In a recent article, part of three-part series, we took a look at several different types of mansard roofs, typically found at Capitol Hill and Washington DC type rowhomes
Anatomy of a Mansard Roof
The row buildings in the photo below have an original slate roof tile at the Mansard roof. The aesthetic value of these buildings is immense. They should be considered historic treasures which should be protected and preserved, but with any mansard roof, maintenance is complicated and expensive. There are several parts of a Mansard roof system that are relatively unique and require special care and historic upkeep, maintenance, and restoration.
Each course of roofing tile or shingle must be flashed into the sides of a dormer where the dormer walls interface with the roofing. The top of the mansard is covered with a ridge cap, similar to a coping metal found at a typical parapet wall, but in this particular case, the metal is formed with a radius shape to provide an additional aesthetic detail and value. The water table ()or built-in gutter) below the dormers, at the bottom of the mansard roof is complicated in a few different ways. The water table must be properly flashed to have a membrane that continuously extends above the bottom few courses of the mansard roof and is flashed in succession, under the window flashing of each respective dormer. As well, drainage from the water table or built-in gutter requires a concentric outlet, similar to a typical gutter, but in this case the downspout has a different historic aesthetic and is generally round whereas modern downspouts often have a rectangular shape.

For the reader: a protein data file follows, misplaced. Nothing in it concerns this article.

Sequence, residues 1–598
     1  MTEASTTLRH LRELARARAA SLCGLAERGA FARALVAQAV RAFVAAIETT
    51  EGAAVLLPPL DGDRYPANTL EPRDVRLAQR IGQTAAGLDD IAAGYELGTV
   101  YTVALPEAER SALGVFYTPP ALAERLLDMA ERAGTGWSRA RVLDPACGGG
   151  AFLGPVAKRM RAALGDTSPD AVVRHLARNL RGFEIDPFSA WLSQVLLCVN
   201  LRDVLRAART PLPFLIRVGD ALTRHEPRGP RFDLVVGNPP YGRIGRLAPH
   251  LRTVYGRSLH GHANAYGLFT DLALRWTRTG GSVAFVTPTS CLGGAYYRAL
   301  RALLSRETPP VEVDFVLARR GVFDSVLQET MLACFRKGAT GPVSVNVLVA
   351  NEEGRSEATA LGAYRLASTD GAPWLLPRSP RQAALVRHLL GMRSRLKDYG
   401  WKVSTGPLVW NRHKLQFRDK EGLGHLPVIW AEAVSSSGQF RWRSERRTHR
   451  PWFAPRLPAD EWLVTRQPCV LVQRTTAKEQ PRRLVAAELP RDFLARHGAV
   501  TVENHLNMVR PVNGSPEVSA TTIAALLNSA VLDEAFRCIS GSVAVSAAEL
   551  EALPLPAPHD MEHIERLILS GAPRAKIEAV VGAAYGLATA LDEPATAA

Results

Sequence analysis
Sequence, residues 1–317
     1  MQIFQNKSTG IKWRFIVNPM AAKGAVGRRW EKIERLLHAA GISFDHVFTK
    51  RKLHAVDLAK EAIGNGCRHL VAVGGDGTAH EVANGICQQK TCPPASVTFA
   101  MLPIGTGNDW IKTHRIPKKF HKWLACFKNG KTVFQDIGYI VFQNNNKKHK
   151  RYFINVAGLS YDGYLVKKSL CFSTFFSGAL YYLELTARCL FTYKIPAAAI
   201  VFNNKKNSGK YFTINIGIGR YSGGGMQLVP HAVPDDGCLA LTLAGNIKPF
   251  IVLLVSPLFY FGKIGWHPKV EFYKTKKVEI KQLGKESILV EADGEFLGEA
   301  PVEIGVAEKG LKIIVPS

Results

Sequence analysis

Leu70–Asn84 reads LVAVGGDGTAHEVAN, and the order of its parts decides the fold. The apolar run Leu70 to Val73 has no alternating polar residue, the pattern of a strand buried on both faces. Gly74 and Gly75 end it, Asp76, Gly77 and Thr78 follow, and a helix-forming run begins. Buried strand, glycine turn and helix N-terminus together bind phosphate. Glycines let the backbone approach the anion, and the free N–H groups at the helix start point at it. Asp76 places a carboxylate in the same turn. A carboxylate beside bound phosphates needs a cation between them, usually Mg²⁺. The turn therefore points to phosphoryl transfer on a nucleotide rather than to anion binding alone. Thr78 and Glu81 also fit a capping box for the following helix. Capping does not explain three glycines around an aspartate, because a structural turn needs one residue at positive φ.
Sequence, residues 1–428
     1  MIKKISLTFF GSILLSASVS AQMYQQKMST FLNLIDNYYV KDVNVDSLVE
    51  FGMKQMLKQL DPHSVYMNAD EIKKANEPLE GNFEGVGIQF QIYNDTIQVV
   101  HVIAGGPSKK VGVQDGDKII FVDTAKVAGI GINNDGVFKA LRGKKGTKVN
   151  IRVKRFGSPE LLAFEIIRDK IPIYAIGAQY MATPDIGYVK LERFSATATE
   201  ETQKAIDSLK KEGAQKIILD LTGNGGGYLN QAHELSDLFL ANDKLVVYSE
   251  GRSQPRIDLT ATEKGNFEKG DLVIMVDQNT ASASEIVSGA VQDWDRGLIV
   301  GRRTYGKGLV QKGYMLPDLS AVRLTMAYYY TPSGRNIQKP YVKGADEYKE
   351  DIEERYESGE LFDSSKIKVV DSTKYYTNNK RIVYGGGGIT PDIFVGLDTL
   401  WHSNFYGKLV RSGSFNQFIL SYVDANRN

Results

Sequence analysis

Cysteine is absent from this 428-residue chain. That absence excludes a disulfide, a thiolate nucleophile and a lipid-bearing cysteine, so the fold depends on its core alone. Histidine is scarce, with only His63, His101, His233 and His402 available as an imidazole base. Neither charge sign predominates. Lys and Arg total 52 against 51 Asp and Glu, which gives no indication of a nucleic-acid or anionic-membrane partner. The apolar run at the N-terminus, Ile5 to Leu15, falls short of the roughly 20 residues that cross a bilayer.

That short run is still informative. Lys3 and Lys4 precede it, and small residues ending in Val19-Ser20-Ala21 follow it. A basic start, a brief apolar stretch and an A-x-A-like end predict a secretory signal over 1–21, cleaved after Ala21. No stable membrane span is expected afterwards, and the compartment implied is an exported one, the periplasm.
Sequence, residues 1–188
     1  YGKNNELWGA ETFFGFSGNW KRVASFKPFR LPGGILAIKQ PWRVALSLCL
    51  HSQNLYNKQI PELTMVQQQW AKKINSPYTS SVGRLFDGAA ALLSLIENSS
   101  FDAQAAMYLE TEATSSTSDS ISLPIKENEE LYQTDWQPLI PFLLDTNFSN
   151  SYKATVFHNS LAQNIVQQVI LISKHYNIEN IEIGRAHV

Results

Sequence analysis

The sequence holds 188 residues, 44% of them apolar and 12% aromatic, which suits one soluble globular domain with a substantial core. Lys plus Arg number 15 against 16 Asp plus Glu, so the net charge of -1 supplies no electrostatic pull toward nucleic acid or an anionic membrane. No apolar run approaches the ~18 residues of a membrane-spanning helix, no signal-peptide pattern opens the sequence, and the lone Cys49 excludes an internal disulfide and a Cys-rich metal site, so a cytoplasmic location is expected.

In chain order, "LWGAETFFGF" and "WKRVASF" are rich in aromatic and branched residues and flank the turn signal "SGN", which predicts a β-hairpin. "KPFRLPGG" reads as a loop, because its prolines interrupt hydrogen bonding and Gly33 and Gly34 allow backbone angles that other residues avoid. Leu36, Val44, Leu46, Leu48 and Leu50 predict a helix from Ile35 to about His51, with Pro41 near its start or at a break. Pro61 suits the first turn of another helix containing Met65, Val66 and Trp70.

The dormer at the left side of the mansard is a gable style, similar to some of the dormers shown in the last, most recent article, but the dormer at the right side has a radius, similar to a corner turret of many historic and particularly classic row buildings.
Added elements and why less is more
Although many people, specifically including our company, value and respect the historic details of mansard roofs, because of access requirements and supply chain limitations reducing material availability, it’s more difficult and particularly costly for many of the repairs and upkeep needed related to mansard roofs.
During the recent pandemic, prices for semi-precious metals such as copper have increased substantially. These materials are used and required for historic roofing elements where visible from the exterior of the building, particularly at water tables and aesthetic trims form mouldings and cornices.
The picture below shows two near identically built row buildings, side-by-side. Both buildings have beautiful architectural details, but both are in significant need of restoration and upkeep. The building on the right side has been carefully cleaned in more recent decades, but even now again shows signs of oxidation from ferrous metals above, in areas that follow drip trails, and the building to the right has not had an extensive overhaul in at least several decades.
Maintaining a Flat Roof System
Smart proactive replacement, construction, upkeep and maintenance of low slope roof and mansard roof systems requires an enthusiastic interest and understanding of historical methodologies, waterproofing principles, and building science. Here in Washington DC, historic and modern residential and commercial buildings are extremely expensive and the roof and related systems provide the shield that preserves the building.
We encourage all of our clients, and all readers of this article and to our blog in general, to prioritize the value of quality construction and building maintenance, and develop a relationship with our company. You can learn a lot more on our blog. Feel free to check it out. If you have questions about the roof and related systems of your building in Washington DC, contact us or fill out the webform below and drop us a line. We will be in touch if we can help.